Men’s Basketball Commentary: Team fights, but can’t finish
Michael Bryan | Tuesday, January 19, 2010
Mike Brey and the Irish squad were undoubtedly disappointed with their performance Monday, but their 84-71 loss to No. 5 Syracuse summed up the current identity of this Notre Dame team.
The Irish played relatively well throughout the game. They fought hard against an elite team that had clear advantages in talent, size and athleticism. But Notre Dame currently is dealing with some serious issues, and in order to beat the Orange everything would have to go right.
And it did not.
Notre Dame has several talented players. Luke Harangody, for all the criticisms of his shot selection this season, is averaging a career-high in field-goal percentage and is a surefire All-American. Even in the loss against a deep and towering Syracuse frontcourt, Harangody tallied 31 points and 14 rebounds.
Tim Abromaitis has also come out of nowhere to become a scoring weapon for the Irish, averaging 15.4 points per game before dropping 26 on the Orange. Tory Jackson is a fantastic senior leader, and dished out 15 spectacular assists.
The Irish, however, are a little short on scorers. Outside of Harangody and Abromaitis, Notre Dame shot just 4-for-25 from the floor. Ben Hansbrough has provided balance to the offense at times, but the consistent weapons needed to beat elite teams simply aren’t on the roster.
The lack of depth on the Irish squad is also proving deadly down the stretch of games. Harangody, Hansbrough, Abromaitis and Jackson all played more than 30 minutes against Syracuse, and it showed down the stretch.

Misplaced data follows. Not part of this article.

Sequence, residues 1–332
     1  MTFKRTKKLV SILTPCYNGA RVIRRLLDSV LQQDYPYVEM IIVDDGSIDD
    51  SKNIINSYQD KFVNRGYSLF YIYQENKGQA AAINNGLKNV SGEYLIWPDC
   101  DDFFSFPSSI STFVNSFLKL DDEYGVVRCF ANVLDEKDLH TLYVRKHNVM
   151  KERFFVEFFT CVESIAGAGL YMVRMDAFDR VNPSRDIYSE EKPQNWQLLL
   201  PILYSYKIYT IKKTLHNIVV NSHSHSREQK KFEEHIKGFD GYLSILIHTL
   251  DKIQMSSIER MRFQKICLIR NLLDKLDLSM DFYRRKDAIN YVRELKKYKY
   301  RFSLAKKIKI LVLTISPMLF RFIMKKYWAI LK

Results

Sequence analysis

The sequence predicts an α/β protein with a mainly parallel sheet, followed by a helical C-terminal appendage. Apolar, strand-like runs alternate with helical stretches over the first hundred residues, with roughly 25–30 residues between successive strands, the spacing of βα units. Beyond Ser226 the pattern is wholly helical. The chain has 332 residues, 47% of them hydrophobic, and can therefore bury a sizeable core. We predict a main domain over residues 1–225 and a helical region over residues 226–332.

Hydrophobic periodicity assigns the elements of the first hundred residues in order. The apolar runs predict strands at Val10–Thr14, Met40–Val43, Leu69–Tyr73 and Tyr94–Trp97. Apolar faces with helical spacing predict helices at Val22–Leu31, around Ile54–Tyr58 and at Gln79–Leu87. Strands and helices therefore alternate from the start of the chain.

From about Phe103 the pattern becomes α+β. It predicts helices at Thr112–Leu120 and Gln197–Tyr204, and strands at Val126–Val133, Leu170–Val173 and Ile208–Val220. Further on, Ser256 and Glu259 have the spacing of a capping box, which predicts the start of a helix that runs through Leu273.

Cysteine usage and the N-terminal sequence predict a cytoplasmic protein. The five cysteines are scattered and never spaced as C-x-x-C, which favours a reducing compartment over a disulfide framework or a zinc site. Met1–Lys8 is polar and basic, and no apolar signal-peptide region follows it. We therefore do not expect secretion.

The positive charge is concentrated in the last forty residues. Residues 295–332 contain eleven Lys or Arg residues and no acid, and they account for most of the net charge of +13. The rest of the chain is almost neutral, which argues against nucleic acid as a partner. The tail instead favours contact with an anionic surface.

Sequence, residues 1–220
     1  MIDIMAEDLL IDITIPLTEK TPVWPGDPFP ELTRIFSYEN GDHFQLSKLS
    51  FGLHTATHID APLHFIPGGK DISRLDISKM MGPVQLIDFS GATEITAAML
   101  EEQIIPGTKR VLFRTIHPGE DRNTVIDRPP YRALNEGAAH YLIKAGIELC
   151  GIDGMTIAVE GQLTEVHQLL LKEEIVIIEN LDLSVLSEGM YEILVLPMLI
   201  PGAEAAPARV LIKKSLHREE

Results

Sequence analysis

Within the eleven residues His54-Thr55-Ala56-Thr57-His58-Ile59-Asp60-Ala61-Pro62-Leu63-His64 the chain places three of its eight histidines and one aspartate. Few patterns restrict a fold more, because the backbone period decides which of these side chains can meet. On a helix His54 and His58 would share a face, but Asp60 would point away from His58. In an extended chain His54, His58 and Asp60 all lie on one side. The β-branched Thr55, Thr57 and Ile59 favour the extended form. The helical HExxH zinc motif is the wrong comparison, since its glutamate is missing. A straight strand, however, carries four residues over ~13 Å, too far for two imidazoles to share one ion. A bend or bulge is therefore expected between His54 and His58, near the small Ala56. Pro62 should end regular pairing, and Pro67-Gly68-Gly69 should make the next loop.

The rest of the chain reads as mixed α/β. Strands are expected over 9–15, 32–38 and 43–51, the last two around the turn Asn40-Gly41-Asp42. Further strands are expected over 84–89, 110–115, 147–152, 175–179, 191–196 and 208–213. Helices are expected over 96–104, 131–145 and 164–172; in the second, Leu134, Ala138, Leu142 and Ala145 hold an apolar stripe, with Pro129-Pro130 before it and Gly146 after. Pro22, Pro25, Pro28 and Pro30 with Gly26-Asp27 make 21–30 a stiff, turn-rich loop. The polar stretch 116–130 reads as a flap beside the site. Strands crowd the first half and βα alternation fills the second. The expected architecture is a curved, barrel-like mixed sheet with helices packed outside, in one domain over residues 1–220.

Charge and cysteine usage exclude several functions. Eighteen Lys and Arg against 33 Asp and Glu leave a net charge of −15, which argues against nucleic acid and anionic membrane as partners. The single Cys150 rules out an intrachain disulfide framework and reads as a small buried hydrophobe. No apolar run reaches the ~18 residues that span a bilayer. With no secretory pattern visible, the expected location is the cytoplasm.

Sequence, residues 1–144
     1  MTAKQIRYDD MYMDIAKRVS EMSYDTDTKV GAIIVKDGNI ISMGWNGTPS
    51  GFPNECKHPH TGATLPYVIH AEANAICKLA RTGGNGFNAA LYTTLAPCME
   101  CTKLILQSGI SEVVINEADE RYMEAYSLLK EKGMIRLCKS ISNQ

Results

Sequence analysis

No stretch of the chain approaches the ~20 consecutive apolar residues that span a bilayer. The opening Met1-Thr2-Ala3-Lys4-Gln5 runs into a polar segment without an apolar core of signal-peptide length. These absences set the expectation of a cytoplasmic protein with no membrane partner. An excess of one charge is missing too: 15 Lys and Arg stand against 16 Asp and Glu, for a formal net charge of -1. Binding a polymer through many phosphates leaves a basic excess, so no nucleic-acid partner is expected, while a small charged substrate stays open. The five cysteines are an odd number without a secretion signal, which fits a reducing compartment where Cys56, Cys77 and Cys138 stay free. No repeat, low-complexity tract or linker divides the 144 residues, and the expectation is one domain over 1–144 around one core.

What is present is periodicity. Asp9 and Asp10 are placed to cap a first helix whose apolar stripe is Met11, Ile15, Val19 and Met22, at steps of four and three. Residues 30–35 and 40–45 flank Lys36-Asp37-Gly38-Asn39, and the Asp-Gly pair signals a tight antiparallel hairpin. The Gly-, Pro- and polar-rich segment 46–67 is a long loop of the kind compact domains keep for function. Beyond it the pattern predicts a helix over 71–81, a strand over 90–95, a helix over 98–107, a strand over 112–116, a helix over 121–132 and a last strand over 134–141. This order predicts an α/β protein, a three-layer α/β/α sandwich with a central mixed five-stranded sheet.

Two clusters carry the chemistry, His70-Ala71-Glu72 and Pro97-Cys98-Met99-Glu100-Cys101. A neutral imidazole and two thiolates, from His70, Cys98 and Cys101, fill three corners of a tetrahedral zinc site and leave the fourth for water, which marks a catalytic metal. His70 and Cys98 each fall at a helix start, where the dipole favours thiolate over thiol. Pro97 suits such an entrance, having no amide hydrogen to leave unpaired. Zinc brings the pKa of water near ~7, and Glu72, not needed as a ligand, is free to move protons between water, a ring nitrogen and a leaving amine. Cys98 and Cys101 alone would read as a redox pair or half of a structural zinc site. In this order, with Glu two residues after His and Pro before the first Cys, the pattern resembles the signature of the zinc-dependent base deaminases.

Notre Dame has heart, and enough competitiveness and toughness to hang with elite teams. They had more offensive rebounds than an extremely aggressive and long Syracuse team, and at one point kept out-hustling the Orange so much it looked like Jim Boeheim’s head might explode.
But down the stretch the Irish are at a physical disadvantage, and it has allowed teams like the Orange and UConn to pull away late.
Even in the team’s best win of the year, an upset of West Virginia, Notre Dame came within a last-second miss of blowing a 20-point halftime lead while fading down the stretch.
The seven-man rotation simply can’t survive the grueling Big East schedule. Maybe Brey is playing so few players out of a lack of better options, but it seems like its time to give some younger players a chance at real minutes, if anything to at least save his exhausted players.
They can’t do much worse than the bench did Monday, scoring just two points in 33 minutes with two turnovers.
While positives can be taken from the loss to Syracuse, at the end of the game it looked very similar to the losses to Connecticut and Cincinnati, and may have exposed a crucial problem that can only grow worse as the season goes on.
The views expressed in this column are those of the author and not necessarily those of The Observer.
Contact Michael Bryan at firstname.lastname@example.org